Clinic days always feel a little extra special to me.
It starts with anticipation. I feel like I’m going in for a job interview of sorts, rehearsing in my head what I’m going to say when I’m in there. I’ve got a list of notes on my desk that I add to in the days leading up to my appointment, of all the things I want to bring up when I’m in there.
There’s almost always a period of erratic blood sugars in the lead up to the appointment. It doesn’t matter how good my numbers have been in recent weeks or months, it always happens without fail. Entering into evidence yesterday arvo…
And of course, those most recent numbers are the ones that appear first on a Diasend report!
I get to leave work a little earlier than normal, which is always a bonus. I head onto the Freeway and drive towards the city, which is usually a breeze. I remember to bring my satchel with me, after having to walk with full arms and some very weighty pockets last time. Wallet, keys, phone, pump, wifi hotspot, meter, skittles, appointment letter, water bottle…you know the drill.
I search for free 2 hour parking on the street, rather than having to pay $6.60 in the hospital carpark. Weather permitting, of course. I cross the busy road, and follow the pathway adjacent to some beautiful green gardens.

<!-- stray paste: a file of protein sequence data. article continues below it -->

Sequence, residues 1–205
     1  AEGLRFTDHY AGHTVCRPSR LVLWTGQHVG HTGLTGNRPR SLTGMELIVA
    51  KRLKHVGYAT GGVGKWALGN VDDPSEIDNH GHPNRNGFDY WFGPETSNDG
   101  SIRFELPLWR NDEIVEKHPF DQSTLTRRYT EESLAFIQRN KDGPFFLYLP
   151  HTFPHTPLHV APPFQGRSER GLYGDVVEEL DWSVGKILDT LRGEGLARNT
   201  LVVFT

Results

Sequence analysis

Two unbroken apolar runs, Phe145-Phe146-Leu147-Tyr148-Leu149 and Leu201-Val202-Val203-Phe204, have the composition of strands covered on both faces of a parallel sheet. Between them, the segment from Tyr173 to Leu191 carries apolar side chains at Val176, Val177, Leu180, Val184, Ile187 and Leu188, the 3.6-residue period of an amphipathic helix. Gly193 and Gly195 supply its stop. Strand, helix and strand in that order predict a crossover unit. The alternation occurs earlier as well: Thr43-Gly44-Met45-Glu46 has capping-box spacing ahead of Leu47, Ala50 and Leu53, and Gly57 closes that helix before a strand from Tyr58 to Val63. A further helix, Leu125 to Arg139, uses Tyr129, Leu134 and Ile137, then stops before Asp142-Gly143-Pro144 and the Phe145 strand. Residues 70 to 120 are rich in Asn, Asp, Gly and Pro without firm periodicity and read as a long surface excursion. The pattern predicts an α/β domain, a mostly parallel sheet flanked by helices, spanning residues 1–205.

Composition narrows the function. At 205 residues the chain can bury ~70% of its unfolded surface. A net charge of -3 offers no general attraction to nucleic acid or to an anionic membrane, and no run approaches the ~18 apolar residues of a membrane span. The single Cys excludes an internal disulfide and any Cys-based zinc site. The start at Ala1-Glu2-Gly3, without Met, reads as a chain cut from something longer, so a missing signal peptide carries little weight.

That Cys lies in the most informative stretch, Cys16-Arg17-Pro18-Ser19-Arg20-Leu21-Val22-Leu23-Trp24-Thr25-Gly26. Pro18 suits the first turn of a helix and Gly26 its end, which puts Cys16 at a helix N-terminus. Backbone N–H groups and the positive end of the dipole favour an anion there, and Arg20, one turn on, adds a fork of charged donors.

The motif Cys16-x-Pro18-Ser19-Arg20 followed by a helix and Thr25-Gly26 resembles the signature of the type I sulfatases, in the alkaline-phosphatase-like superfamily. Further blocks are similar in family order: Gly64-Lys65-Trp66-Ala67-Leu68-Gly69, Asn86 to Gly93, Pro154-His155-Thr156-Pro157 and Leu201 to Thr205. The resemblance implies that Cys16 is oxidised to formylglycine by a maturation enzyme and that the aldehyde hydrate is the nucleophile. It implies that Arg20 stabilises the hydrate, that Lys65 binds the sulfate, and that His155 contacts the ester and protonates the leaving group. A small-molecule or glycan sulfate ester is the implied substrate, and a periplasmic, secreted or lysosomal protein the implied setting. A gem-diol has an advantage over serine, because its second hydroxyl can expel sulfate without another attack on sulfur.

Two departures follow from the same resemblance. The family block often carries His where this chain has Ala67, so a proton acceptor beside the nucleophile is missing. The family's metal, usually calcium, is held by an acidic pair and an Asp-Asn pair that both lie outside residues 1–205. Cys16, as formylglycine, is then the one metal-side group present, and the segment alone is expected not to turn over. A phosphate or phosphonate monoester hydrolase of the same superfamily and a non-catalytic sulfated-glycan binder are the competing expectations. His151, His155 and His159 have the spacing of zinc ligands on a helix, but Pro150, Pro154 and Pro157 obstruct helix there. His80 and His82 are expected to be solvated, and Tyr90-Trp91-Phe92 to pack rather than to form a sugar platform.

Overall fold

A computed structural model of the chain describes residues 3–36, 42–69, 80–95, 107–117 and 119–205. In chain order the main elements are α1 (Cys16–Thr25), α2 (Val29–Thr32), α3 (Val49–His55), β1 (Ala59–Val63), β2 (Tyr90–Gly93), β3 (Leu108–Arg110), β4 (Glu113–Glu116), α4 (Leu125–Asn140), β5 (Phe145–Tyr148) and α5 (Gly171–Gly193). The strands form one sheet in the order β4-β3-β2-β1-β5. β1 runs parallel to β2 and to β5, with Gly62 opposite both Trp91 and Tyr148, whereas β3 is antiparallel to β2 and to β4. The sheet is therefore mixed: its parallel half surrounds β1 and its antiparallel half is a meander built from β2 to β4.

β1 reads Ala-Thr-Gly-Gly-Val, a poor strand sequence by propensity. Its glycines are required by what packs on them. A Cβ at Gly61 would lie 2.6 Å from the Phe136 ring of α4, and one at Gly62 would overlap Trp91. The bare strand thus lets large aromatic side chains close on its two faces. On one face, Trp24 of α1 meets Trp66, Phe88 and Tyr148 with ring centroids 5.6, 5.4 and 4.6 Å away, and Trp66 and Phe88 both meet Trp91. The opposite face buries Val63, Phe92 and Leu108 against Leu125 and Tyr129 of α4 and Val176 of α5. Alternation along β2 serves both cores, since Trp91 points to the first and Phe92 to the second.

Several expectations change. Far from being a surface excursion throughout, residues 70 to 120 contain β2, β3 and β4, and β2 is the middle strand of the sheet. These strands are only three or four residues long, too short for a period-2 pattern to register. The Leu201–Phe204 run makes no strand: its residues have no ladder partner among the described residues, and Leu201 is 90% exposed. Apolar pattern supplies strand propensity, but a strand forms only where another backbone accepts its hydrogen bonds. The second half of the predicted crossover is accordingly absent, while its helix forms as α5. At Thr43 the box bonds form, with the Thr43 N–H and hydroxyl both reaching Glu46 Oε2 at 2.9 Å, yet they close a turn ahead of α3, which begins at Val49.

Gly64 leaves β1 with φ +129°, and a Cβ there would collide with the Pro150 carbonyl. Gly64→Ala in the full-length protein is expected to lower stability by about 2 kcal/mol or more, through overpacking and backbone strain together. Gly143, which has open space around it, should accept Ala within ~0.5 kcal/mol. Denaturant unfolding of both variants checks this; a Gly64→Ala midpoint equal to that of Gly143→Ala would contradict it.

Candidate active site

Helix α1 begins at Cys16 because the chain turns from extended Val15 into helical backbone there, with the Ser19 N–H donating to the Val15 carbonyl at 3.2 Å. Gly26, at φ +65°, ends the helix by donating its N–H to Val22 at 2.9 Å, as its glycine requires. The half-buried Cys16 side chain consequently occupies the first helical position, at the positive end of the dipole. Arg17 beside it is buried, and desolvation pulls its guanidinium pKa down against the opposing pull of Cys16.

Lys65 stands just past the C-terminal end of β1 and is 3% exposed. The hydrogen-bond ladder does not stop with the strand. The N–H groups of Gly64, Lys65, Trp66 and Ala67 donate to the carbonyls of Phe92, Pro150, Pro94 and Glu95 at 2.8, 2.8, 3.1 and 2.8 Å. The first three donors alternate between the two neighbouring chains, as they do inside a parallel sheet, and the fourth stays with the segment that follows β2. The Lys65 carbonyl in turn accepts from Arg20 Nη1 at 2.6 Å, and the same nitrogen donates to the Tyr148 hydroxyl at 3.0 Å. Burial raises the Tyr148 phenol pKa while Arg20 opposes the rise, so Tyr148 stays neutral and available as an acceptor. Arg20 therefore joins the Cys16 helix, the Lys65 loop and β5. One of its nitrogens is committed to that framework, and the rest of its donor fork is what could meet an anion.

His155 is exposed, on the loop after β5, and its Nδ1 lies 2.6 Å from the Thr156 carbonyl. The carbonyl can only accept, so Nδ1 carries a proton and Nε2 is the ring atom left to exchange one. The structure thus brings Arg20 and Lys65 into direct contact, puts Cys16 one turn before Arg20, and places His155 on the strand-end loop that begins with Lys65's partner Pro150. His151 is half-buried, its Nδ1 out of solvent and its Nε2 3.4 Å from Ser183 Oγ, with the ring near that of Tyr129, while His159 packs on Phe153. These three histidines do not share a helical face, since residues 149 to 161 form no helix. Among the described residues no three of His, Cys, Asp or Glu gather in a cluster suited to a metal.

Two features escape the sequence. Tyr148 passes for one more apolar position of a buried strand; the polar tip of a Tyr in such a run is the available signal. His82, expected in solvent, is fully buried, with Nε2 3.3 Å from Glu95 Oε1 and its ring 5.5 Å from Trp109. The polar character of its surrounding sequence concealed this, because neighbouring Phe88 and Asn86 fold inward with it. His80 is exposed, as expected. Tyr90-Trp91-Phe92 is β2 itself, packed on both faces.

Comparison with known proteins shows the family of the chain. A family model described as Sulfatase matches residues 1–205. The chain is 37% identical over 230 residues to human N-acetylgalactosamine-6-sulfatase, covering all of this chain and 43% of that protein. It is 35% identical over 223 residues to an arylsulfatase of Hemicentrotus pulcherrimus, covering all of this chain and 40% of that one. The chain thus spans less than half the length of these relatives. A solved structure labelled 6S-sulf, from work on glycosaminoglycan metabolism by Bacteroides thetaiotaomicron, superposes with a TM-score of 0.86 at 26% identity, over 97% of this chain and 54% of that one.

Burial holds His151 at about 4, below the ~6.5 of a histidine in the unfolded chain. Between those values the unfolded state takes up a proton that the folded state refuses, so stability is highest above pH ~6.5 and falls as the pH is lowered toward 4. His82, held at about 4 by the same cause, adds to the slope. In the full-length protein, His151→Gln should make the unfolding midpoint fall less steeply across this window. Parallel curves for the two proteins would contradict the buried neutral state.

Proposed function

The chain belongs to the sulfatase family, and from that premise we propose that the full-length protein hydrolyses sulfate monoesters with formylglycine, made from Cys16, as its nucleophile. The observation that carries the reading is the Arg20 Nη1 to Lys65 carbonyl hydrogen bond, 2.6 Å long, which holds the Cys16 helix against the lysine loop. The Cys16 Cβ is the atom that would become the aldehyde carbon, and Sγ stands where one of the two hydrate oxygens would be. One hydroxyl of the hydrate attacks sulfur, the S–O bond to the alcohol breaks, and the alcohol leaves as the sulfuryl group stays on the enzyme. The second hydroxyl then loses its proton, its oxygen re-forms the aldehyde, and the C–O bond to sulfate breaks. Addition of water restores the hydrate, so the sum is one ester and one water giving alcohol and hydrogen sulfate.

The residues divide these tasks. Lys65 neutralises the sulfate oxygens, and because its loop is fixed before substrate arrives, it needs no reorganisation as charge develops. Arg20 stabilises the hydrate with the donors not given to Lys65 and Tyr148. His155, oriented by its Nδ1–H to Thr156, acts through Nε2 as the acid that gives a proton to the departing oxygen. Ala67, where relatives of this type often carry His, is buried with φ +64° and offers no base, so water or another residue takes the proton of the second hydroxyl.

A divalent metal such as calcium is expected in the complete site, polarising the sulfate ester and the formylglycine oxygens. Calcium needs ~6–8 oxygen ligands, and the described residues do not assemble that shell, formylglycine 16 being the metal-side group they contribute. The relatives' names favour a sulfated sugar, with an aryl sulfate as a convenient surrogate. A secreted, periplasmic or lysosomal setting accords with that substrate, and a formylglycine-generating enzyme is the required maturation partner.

By the time my appointment is done, I’m usually feeling pretty good about myself. I walk back to my car and begin the journey home, by which time I usually get stuck in traffic. When I finally get to Leederville, I pull into the carpark and grab a free one hour ticket. I walk through the alleyway and cross the road, where I arrive at Chocolateria San Churro. I usually order a regular takeaway White Hot Chocolate, which costs me roughly the same amount I saved on parking.
I have to manage type 1 diabetes every single minute, of every single hour, of every single day, for the rest of my life. I check my blood sugar, count my carbs, dose my insulin, eat my food and get on with my day. Until I have to do it again. I put a lot of work into keeping my blood sugar levels between 4 and 8 as often as possible. Yet I hardly ever stop and give myself some credit for my self management efforts. That’s not necessarily a bad thing. It’s just that I’m more focussed on trying to live my life at the same time.
Results pertaining to my diabetes management aren’t the only special thing about a Clinic Day. Clinic Day gives me a chance to stop and reflect on my diabetes management efforts, and give myself some credit where it’s due.
A White Hot Chocolate is my reward for getting through another few months with diabetes.
Here’s to many more…